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My IBM Vacation

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It was a beautiful autumn day. Leaves were turning, so with a borrowed car, I played hooky and went for a rare and pleasant drive. Others might meander more contemplatively through the bucolic countryside of Northern Westchester… admiring the sweet sadness of a summer's end. But why should I be distracted by mere pastoral visions when, carved out of these same Westchester forests, the grand behemoth IBM has created a technological haven for geeks like me?

Others may enjoy theme parks like "Donkeyland" or "Wet 'n Wild Kingdom" but for me, I'll take Big Blue's "TechnoWorld" any day. Boringly called the "Industry Solution Lab", IBM's gadget haven is located in Hawthorne, just 25 miles north of New York City. Behind the doors of this secure research facility is a technology showroom that offers insights into near-present and far-off future technology. Since everybody can't wrangle a day-pass into this world of adventure, let me take you along on my tour.

Before even entering Hawthorne labs, you are confronted with the majestic genius of Leonardo DaVinci: dozens of his greatest inventions are carved in working wooden models that leap out at you as if torn from his precious notebooks. IBM continues to lead the world each year for the most patents and this homage to DaVinci seems designed to keep egos of the resident inventors in check. Yet each of the researchers we met could scarcely contain their enthusiasm and glee.

First, researcher Ray Hitney showed me "Mobile Land." (I must confess that the theme park names were definitely not IBM's idea, but they seemed to work for us.) With a handheld device called an "Infoscope Client", Ray showed us how your handheld PDA will allow travelers to capture text in Chinese for example (the little thing has a built-in video camera!) and will translate the Chinese characters into English. Ray had another mobile device, equipped with a thumb-print verifier and every form of wireless connectivity imaginable that allowed customers to interact with intelligent kiosks and vending machines. Imagine the soda machine knowing who you are, even what brand you prefer, and allowing a secure and cashless transaction. So, as Ray and I used this handheld device (getting more and more bottles of cold soda out of the "smart" machine) it became clear that today's handheld organizers would evolve to give consumers more intelligence as they shopped. Your handheld device in the near future will not only remind you of tasks but find the things you need to buy at the best prices and make transactions more secure. To top it off, with such technology in your next generation handheld phone or organizer, you'll be able to capture foreign language text on the road and translate it into something that makes sense to you.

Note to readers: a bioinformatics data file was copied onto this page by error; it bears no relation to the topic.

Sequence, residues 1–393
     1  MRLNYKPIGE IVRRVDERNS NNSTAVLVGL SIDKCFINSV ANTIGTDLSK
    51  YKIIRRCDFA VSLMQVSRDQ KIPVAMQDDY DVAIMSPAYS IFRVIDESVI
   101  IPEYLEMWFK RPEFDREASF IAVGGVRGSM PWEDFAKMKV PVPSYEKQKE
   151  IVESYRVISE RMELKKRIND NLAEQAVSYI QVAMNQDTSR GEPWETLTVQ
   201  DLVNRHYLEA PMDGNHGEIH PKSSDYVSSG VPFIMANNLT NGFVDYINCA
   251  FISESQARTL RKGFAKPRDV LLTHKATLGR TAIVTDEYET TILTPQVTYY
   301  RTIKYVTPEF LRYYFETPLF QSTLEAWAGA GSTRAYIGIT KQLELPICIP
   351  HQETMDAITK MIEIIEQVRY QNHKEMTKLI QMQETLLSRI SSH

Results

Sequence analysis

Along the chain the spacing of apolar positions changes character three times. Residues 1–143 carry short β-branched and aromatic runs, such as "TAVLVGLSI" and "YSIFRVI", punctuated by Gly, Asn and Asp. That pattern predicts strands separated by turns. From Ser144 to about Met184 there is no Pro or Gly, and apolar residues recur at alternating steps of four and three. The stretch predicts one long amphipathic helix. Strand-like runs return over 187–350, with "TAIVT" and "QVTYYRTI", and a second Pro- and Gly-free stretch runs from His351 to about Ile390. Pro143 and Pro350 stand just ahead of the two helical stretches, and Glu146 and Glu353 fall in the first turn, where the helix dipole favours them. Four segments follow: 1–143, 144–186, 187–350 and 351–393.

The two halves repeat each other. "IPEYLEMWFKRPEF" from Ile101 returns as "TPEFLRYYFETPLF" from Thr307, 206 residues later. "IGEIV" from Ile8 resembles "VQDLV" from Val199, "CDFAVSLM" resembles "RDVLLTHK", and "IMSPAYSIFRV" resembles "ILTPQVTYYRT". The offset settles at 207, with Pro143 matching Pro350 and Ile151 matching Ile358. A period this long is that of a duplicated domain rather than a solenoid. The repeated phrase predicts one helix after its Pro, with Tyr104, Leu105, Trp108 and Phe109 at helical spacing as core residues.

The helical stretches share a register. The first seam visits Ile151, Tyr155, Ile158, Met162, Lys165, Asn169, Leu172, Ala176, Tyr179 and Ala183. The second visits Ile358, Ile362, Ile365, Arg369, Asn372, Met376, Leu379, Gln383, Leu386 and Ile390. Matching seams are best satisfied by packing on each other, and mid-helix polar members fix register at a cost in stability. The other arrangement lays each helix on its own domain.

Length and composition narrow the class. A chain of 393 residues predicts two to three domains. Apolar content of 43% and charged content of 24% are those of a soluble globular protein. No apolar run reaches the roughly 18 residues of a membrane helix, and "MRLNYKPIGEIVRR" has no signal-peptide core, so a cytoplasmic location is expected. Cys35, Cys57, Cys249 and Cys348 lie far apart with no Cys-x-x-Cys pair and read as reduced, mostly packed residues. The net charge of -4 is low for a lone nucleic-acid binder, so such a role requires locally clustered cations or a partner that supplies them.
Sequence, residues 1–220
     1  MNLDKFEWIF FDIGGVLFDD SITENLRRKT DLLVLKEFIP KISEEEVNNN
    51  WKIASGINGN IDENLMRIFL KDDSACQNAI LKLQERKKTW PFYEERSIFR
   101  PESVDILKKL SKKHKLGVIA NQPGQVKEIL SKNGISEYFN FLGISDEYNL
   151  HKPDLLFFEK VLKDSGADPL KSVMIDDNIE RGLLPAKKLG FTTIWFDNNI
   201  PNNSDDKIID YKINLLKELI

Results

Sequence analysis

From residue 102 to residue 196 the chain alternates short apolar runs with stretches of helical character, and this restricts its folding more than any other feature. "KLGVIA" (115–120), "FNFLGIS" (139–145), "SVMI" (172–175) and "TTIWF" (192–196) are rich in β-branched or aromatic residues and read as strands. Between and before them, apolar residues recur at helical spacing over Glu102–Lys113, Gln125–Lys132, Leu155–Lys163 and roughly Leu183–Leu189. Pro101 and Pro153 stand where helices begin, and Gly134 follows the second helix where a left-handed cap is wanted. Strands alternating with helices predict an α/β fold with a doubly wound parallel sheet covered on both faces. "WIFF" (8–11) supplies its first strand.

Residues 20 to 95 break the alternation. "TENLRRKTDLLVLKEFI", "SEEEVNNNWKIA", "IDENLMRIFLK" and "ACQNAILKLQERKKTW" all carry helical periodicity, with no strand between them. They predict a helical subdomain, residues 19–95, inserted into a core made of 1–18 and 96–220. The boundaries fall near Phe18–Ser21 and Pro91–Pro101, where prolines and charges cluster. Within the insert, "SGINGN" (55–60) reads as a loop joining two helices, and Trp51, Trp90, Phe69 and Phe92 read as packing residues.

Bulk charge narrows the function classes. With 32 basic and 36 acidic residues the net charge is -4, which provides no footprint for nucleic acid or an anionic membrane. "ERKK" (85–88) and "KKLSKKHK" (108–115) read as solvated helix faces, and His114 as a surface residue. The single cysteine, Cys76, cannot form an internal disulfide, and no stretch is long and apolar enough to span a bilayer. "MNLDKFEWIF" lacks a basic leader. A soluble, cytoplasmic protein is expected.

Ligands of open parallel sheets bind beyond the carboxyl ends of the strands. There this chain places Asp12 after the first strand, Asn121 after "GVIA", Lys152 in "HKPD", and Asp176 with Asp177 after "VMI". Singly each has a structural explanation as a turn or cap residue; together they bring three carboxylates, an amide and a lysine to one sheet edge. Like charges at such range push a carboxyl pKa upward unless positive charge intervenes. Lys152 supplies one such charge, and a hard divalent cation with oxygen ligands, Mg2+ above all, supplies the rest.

Ray deftly distracted me (just as I was about to pocket a handheld prototype or two) with a modular computer they call the Metapad. The whole notion of the portable computer has become obsolete with this cigarette pack sized brain-in-a-box. Instead of carrying a large unit around, you would take this fast "brain unit" and attach it where you need it. Out in the street, you would slip a small screen on your "Metapad" and have full computer functionality in an ultra-portable unit. Arrive at work, and your "Metapad" would snap into a wall unit with all your colleagues' units, allowing powerful controlled sharing of information and computer processing. Just as I tried to swipe that device, another talented researcher, Jay Murdoch steered me to "Auto World."

Since we do so much in our cars, IBM has been studying how are cars (and the technology inside them) can do more for us. Wearing a headset in a mockup of a car, Jay simulated a drive in the car of the future. (They call this device the "Conversational Interface for Telematics", in case you wanted to be confused.) We told the car we wanted to go to the airport and the car displayed a map of the best route along with the latest update of road conditions. Nothing new, but then the lovely natural-sounding synthesized voice of our "artificial passenger" started chiming in with other helpful information. "Our plane is running late" she said and offered to find a restaurant nearby in accordance with the driver's preferences. "She" (the "artificial passenger" or backseat driver know-it-all) read incoming email and forwarded messages to acquaintances. "Would we like to play a game?" she asked. Then Jay and the robot played an infernal round of "name that country and western tunes," in which Jay had to guess what music the robot was playing. This went on and on: roadside assistance information, temperature controls, music management, information management, and even interactions between the "artificial passenger" and driver just to keep the driver awake.